Continuing down canyon past Amber Cat, the route entered an area where the canyon bottom had been sculpted by water to form a series of shallow, but colorful narrows. From there, we turned north and lost the last bit of the route we’d been following. Doodlebug Arch was somewhere up ahead, but I really just had a vague sense of where we’d find it. The intel I did have said it was hard to spot, even when you are practically right on top of it. I have no idea how close (or not close) we came to finding it, but this part of the hike ended up being a ‘lovely wander’ through the sandstone. We weren’t lost, but we never did find Doodlebug.
Despite missing Doodlebug Arch, it was a great first day in Gold Butte National Monument. We had ideal weather, saw only a few other people, and enjoyed some gorgeous scenery. Perhaps our favorite part of the day was hiking amongst the Joshua trees. To this point, we had only ever seen them in a couple other locations and it was really neat getting to hike around so many of them.
Directions to Whitney Pocket: From Mesquite, travel approximately 9.0 miles southwest on I-15 and take exit 112. Turn left onto Hwy-170 and travel a few miles to a bridge over the Virgin River. Shortly after crossing the river, turn right onto Gold Butte Road and continue 21 miles to Whitney Pocket. Alternatively, you can take Riverside Road (Hwy-170) out of Mesquite and through Bunkerville 9.0 miles to Gold Butte Road. Once on Gold Butte Road, conditions slowly deteriorate and it is slower going once you enter the Monument. For us, the 33 mile drive from Mesquite took approximately 1 hour each direction.
You’ll want to do your own up-to-date research before visiting Gold Butte. Road conditions are constantly changing with the weather and this is a remote area to get stuck. Those without a 4WD high clearance vehicle will especially want to carefully assess conditions. Start with a visit to the BLM’s Gold Butte website for a high level overview. Then visit the Friends of Gold Butte website for their latest road conditions report. Even if you are just traveling the first 21 miles to Whitney Pocket, be prepared for a slow and bumpy ride. Most of this stretch was paved many years ago, but much of it is pretty rough. We visited immediately following an active and destructive monsoon season that impacted many of the roads. For us, the main obstacle on the road to Whitney Pocket was some deep sand along the first few miles of the road (no problem for us in 4-High). On day two, while accessing the Falling Man Petroglyph area, we encountered some pretty significant washouts along Black Butte Road. 4WD was not required for those, but high clearance most definitely was. Travel at your own risk.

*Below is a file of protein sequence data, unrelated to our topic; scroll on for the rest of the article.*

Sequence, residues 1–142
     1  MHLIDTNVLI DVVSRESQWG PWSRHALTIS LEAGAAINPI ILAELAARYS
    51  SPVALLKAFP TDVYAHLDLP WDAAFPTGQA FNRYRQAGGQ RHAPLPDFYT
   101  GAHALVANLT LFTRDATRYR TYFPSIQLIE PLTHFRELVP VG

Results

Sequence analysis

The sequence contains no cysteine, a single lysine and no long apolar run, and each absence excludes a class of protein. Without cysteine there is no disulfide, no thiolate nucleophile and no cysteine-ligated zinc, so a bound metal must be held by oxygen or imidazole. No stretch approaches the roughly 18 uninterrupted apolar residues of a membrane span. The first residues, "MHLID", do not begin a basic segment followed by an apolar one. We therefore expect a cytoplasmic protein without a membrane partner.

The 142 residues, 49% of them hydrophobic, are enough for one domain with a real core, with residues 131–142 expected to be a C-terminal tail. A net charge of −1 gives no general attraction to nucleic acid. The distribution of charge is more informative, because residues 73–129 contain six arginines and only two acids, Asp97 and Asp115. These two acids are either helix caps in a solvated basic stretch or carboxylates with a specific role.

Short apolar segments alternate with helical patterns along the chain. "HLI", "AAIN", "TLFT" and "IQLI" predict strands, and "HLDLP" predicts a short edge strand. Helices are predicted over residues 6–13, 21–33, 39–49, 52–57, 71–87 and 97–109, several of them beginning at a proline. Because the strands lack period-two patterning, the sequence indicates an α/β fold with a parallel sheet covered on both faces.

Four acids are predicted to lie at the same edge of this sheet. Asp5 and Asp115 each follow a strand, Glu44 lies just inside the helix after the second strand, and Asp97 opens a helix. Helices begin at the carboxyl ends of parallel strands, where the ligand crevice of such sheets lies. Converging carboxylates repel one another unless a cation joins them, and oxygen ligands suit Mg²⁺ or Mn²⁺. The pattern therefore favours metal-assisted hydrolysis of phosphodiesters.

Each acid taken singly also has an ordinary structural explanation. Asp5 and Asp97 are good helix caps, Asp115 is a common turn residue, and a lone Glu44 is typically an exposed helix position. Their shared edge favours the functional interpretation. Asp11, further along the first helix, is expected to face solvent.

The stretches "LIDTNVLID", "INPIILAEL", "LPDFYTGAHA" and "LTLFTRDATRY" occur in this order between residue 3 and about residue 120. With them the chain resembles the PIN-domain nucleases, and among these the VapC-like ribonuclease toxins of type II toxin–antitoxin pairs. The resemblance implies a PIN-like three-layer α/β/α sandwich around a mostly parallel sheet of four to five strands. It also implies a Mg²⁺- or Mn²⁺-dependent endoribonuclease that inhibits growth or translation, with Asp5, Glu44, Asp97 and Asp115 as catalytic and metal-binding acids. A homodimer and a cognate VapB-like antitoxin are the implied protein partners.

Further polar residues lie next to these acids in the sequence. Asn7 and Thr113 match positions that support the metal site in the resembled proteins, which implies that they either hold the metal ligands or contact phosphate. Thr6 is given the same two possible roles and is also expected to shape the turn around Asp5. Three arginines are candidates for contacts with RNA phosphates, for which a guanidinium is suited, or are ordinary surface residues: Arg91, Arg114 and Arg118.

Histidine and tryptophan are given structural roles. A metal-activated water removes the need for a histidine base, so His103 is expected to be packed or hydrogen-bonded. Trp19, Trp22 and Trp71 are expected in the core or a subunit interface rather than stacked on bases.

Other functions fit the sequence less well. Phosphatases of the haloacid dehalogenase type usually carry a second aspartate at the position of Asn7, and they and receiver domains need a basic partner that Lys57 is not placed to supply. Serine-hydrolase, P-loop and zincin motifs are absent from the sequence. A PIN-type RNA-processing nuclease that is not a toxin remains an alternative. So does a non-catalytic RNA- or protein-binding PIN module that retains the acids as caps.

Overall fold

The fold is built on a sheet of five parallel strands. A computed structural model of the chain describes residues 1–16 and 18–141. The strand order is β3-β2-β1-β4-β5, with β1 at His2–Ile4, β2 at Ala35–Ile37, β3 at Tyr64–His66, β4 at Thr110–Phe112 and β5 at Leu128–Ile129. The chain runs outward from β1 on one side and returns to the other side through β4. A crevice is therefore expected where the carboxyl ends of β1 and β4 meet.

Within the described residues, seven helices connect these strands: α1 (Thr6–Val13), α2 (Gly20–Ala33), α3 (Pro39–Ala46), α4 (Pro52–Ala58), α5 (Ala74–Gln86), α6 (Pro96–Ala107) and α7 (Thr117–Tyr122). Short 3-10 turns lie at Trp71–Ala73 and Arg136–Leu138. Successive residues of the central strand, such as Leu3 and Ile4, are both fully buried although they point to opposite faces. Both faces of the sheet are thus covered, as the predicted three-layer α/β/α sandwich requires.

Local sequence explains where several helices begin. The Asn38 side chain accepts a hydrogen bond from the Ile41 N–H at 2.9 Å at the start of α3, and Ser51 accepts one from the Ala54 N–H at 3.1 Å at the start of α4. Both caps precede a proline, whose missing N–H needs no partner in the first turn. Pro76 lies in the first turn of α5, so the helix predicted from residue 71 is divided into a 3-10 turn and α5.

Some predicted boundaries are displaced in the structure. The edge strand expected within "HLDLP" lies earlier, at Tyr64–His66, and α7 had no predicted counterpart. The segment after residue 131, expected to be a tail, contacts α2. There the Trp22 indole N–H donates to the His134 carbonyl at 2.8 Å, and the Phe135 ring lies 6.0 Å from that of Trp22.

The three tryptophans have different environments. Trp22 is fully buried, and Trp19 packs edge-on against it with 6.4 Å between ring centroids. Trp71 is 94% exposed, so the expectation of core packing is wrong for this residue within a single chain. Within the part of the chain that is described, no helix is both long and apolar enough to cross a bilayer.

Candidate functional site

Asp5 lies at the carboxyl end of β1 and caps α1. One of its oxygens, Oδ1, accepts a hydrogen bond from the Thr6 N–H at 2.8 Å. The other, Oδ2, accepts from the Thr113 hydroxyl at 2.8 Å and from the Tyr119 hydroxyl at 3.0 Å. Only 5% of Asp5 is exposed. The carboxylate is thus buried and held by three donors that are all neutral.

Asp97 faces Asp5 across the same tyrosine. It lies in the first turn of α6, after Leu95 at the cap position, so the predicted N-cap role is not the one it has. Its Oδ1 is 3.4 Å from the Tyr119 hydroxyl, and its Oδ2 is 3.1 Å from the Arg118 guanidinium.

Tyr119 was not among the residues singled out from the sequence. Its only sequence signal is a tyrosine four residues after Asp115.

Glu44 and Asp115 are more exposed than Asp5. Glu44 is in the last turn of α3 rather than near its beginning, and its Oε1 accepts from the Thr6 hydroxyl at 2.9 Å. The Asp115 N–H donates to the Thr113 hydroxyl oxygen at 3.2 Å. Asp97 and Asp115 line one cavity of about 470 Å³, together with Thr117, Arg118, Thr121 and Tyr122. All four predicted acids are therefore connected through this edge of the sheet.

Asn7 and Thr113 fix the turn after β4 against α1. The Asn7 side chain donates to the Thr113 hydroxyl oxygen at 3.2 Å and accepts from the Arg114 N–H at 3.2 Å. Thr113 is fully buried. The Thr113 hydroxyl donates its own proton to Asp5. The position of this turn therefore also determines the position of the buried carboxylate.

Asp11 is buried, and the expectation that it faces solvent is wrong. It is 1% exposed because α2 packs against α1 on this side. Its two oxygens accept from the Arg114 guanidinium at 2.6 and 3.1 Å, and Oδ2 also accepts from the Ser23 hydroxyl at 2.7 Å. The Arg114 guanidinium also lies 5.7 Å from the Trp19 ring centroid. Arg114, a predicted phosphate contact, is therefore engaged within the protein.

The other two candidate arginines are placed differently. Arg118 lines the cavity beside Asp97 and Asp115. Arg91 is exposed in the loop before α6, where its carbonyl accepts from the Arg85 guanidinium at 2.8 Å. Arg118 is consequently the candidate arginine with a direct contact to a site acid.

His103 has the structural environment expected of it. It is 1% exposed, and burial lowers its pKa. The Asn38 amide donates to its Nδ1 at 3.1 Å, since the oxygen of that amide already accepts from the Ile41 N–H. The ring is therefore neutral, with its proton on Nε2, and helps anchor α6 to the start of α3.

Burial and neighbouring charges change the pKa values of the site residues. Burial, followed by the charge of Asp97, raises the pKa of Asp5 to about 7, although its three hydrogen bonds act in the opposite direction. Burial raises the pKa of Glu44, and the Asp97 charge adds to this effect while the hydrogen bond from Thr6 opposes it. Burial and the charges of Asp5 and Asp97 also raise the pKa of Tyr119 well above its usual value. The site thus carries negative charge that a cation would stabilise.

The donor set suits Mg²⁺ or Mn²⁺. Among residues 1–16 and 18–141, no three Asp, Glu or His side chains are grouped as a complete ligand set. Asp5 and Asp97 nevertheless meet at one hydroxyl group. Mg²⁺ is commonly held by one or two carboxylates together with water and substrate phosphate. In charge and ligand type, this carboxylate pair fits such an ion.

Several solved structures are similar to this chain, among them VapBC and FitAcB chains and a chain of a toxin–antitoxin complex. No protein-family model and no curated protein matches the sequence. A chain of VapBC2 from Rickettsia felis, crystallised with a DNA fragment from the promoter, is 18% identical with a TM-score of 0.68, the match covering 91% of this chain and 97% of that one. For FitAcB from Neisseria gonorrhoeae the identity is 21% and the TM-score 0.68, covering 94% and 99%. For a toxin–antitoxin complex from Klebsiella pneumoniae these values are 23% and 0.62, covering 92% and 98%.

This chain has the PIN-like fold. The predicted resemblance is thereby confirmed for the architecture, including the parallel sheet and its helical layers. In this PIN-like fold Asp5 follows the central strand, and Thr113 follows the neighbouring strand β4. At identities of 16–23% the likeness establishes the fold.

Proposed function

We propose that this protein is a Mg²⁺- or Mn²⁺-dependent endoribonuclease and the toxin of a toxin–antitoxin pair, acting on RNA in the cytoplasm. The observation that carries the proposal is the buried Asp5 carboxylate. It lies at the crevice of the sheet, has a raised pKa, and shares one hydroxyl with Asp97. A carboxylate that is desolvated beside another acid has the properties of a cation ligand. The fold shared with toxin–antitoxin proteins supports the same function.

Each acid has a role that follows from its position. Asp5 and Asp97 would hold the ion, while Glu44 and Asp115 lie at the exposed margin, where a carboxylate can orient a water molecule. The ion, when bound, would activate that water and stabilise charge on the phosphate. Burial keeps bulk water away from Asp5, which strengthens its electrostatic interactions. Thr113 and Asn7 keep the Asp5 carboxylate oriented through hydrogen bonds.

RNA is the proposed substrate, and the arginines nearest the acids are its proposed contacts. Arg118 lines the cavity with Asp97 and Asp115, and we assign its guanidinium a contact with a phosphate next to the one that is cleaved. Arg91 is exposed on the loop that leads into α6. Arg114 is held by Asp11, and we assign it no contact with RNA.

For exploring Gold Butte, you can’t beat the website Bird and Hike. I use this exceptional site when planning any trip to Southern Nevada. Here you’ll find a massive list of detailed hiking and driving descriptions for Gold Butte. Maintaining an extensive website with detailed descriptions, photos, and maps like this is a ton of work. A big thank you to Dr. Jim Boone for all his hard work and for sharing it with us! I appreciate his philosophy and it is what I try to model here on this website, “BirdAndHike.com is intended to encourage people to visit, learn about, and fall in love with the desert. While more people in the desert isn’t necessarily good, more people who love and respect the desert is good.”
The Adventure Continues
Join us for our next post as we return to Gold Butte National Monument in search of some unique petroglyph sites. And don’t forget to check out our Amazon RV and Adventure Gear recommendations. We only post products that we use and that meet the Evans Outdoor Adventures seal of approval. By accessing Amazon through our links and making any purchase (even things as simple as toothpaste!), you get Amazon’s every day low pricing and they share a little with us. This helps us maintain this website and is much appreciated!